In English law an insured who uses a fraudulent device to promote an otherwise valid claim forfeits the claim.

This is not the position in South African law. Unless there is an appropriately worded fraud clause an insured who embellishes their claim with a lie where it is in all other respects valid will not necessarily forfeit the entire claim. The standard South African fraud clause has been accepted by our courts as appropriate wording to defeat a fraudulent claim and should be used in all policies.

The English courts’ approach is that the rule has a legitimate public policy aim in deterring fraud. The rule does have an in-built proportionality test. It applies to fraudulent devices that directly relate to the claim, that are intended by the insured to promote their prospects of success, and that are, objectively assessed, capable of improving the insured’s prospects of payment or settlement.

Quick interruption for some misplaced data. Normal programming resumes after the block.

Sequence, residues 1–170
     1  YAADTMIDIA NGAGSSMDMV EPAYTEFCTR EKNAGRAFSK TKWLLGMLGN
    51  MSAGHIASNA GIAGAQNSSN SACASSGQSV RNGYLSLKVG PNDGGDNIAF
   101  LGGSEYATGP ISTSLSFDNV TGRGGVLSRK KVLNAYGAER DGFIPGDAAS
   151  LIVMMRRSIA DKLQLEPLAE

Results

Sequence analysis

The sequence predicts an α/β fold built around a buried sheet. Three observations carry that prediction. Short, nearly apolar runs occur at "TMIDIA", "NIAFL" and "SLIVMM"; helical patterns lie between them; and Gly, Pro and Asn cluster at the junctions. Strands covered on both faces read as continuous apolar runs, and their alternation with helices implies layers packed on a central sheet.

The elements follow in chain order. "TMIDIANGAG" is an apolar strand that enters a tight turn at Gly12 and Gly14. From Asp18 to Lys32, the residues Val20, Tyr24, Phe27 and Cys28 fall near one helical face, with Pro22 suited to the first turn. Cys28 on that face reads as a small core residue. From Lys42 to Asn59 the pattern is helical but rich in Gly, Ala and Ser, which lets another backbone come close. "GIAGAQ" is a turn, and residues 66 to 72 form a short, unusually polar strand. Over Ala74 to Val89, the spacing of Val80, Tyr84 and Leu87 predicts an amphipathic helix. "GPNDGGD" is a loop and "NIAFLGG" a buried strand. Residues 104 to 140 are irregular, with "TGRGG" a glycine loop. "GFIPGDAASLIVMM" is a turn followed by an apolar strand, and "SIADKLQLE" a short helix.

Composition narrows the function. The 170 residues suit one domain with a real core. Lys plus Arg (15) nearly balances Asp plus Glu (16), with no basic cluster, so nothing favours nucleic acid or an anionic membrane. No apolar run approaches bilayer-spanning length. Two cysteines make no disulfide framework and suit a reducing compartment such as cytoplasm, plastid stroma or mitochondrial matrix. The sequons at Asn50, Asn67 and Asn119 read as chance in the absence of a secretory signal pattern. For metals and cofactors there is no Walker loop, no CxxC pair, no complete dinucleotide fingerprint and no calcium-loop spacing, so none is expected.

The English Court of Appeal authoritively established the English law principal in Versloot Dredging BV vs HDI-Girling & Others, The DC Merwestone.